Viewpoint: Why Microfinance Is an Ugly Word in India’s Villages
Vidarbha, the cotton bowl of India – which has been periodically witnessing the spectre of suicide with farmers plagued by unmanageable debts taking their lives – is now back in news for almost similar reasons. This time, in the centre of the storm are microfinance institutions. Borrowers in four districts – Nagpur, Amravati Yavatmal and Wardha – have started defaulting on their loans, egged on by politicians.
The elections in 164 municipal councils across 25 districts of Maharashtra in November 2016 were liberally used by politicians to promise loan waivers.
Several rallies are being organised, mostly by women, and representations are being submitted to district collectors against microfinance institutions (MFIs) alleging coercive recovery practices. Agents are drafting representations for individual borrowers for submission to district administration for the waiver of their loans, making an income of Rs 200 for each representation.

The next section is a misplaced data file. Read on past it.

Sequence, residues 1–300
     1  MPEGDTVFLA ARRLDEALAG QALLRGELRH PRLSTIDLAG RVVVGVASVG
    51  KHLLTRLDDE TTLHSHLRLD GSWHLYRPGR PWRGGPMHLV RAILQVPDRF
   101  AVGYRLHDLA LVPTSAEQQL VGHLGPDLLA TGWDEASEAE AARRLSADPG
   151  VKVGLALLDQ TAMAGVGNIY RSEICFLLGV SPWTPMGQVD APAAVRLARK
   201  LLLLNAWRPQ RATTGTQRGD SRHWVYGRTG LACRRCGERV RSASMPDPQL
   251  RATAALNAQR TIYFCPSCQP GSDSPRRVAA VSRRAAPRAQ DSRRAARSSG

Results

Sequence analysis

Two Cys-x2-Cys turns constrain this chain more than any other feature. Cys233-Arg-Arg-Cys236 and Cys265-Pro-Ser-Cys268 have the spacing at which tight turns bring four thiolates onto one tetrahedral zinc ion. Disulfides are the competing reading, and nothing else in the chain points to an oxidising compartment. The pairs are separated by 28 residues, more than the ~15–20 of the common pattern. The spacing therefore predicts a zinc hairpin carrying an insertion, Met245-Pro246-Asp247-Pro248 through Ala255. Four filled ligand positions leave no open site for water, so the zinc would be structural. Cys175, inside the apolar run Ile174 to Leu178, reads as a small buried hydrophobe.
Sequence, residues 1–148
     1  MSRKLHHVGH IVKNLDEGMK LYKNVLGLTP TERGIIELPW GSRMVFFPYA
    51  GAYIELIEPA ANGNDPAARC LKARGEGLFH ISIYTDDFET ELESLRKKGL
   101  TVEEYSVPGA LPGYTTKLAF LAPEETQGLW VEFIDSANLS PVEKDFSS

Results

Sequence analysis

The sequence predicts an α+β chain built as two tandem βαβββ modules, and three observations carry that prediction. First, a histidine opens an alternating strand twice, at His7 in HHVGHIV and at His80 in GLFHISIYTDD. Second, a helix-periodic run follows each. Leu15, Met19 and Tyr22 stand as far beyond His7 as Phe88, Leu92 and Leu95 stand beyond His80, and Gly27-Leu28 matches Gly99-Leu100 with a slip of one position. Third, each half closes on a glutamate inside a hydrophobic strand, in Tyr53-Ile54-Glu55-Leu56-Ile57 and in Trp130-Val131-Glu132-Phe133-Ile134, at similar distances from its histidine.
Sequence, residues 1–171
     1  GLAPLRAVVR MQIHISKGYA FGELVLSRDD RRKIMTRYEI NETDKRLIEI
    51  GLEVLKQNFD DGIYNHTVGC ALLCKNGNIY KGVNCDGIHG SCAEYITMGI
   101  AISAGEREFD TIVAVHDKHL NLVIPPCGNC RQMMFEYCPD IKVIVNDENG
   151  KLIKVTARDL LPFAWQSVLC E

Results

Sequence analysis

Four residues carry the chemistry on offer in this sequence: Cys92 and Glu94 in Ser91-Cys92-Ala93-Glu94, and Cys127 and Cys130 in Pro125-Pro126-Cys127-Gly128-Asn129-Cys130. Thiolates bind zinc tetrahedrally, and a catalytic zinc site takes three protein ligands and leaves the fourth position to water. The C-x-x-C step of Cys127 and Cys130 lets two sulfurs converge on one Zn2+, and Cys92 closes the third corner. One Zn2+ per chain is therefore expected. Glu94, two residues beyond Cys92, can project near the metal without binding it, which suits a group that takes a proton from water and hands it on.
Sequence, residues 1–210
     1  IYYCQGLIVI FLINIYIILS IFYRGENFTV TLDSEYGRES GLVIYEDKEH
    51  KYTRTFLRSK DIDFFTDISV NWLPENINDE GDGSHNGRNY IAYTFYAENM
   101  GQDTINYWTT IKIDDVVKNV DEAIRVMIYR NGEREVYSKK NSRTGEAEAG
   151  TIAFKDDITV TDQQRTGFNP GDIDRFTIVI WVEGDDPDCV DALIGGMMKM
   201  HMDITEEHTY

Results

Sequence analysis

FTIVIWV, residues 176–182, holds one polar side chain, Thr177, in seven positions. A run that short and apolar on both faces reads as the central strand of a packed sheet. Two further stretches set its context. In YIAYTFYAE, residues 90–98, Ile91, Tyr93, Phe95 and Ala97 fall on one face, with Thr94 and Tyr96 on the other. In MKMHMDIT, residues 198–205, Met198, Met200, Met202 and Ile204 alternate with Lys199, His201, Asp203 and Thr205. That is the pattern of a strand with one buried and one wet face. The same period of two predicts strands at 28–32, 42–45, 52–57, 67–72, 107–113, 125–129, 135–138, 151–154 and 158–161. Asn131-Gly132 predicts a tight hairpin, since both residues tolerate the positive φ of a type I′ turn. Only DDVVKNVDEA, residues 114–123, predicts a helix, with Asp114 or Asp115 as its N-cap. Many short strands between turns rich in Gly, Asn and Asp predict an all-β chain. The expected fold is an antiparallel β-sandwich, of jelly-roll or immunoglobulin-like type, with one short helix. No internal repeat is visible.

The issue started after the RBI’s revised instructions for MFI on classification of NPAs following demonetisation. The RBI has relaxed the income recognition norms by 60 days. A loan turns bad when a borrower does not pay for 90 days, but the RBI has extended this period to 150 days for loans to be repaid in November and December.